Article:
SUDDEN CELEBRITY AND PATIENT HOPE.

Percival was unusually gloomy and abstracted in his way to town that day,
though Varney was his companion, and in the full play of those animal
spirits which he owed to his unrivalled physical organization and the
obtuseness of his conscience.  Seeing, at length, that his gayety did not
communicate itself to Percival, he paused, and looked at him
suspiciously.  A falling leaf startles the steed, and a shadow the guilty
man.

"You are sad, Percival," he said inquiringly.  "What has disturbed you?"

"It is nothing,--or, at least, would seem nothing to you," answered
Percival, with an effort to smile, for I have heard you laugh at the
doctrine of presentiments.  We sailors are more superstitious."

"What presentiment can you possibly entertain?" asked Varney, more
anxiously than Percival could have anticipated.

"Presentiments are not so easily defined, Varney.  But, in truth, poor
Helen has infected me.  Have you not remarked that, gay as she habitually
is, some shadow comes over her so suddenly that one cannot trace the
cause?"

"My dear Percival," said Varney, after a short pause, "what you say does
not surprise me.  It would be false kindness to conceal from you that I
have heard Madame Dalibard say that her mother was, when about her age,
threatened with consumptive symptoms; but she lived many years
afterwards.  Nay, nay, rally yourself; Helen's appearance, despite the
extreme purity of her complexion, is not that of one threatened by the
terrible malady of our climate.  The young are often haunted with the
idea of early death.  As we grow older, that thought is less cherished;
in youth it is a sort of luxury.  To this mournful idea (which you see
you have remarked as well as I) we must attribute not only Helen's
occasional melancholy, but a generosity of forethought which I cannot
deny myself the pleasure of communicating to you, though her delicacy
would be shocked at my indiscretion.  You know how helpless her aunt is.
Well, Helen, who is entitled, when of age, to a moderate competence, has
persuaded me to insure her life and accept a trust to hold the moneys (if
ever unhappily due) for the benefit of my mother-in-law, so that Madame
Dalibard may not be left destitute if her niece die before she is twenty-
one.  How like Helen, is it not?"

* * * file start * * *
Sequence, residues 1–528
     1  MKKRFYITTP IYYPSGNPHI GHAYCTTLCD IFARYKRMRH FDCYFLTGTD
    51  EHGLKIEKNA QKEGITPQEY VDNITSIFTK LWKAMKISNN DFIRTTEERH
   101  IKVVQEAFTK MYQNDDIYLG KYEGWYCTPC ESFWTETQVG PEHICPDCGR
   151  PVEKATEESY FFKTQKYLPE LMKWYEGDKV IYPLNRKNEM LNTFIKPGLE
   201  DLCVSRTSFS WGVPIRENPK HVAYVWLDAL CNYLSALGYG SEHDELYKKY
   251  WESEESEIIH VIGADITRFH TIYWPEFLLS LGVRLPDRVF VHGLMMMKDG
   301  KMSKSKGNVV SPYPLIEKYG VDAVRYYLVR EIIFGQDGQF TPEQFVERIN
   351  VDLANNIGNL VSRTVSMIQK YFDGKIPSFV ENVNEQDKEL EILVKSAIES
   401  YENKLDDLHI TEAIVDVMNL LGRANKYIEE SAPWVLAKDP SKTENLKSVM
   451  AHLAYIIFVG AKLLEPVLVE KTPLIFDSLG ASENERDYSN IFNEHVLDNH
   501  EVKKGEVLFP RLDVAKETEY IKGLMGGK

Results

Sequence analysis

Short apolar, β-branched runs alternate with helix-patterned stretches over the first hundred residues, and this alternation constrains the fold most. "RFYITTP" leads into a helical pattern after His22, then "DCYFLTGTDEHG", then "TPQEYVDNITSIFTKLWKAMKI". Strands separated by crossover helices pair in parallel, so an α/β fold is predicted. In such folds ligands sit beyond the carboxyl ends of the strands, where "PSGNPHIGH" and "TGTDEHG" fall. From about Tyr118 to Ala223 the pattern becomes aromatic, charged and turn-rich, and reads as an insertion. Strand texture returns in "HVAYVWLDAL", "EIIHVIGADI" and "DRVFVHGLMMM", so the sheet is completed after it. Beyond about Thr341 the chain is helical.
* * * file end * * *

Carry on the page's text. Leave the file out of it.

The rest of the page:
Percival was too overcome to answer.

Varney resumed: "I entreat you not to mention this to Helen; it would
offend her modesty to have the secret of her good deeds thus betrayed by
one to whom alone she confided them.  I could not resist her entreaties,
though, entre nous, it cripples me not a little to advance for her the
necessary sums for the premiums.  Apropos, this brings me to a point on
which I feel, as the vulgar idiom goes, 'very awkward,'--as I always do
in these confounded money-matters.  But you were good enough to ask me to
paint you a couple of pictures for Laughton.  Now, if you could let me
have some portion of the sum, whatever it be (for I don't price my
paintings to you), it would very much oblige me."

Percival turned away his face as he wrung Varney's hand, and muttered,
with a choked voice: "Let me have my share in Helen's divine forethought.
Good Heavens! she, so young, to look thus beyond the grave, always for
others--for others!"

Callous as the wretch was, Percival's emotion and his proposal struck
Varney with a sentiment like compunction.  He had designed to appropriate
the lover's gold as it was now offered; but that Percival himself should
propose it, blind to the grave to which that gold paved the way, was a
horror not counted in those to which his fell cupidity and his goading
apprehensions had familiarized his conscience.

"No," he said, with one of those wayward scruples to which the blackest
criminals are sometimes susceptible,--"no.  I have promised Helen to
regard this as a loan to her, which she is to repay me when of age.  What
you may advance me is for the pictures.  I have a right to do as I please
with what is bought by my own labour.  And the subjects of the pictures,
what shall they be?"

"For one picture try and recall Helen's aspect and attitude when you came
to us in the garden, and entitle your subject: 'The Foreboding.'"

"Hem!" said Varney, hesitatingly.  "And the other subject?"

"Wait for that till the joy-bells at Laughton have welcomed a bride, and
then--and then, Varney," added Percival, with something of his natural
joyous smile, "you must take the expression as you find it.  Once under
my care, and, please Heaven, the one picture shall laughingly upbraid the
other!"

As this was said, the cabriolet stopped at Percival's door.  Varney dined
with him that day; and if the conversation flagged, it did not revert to
the subject which had so darkened the bright spirits of the host, and so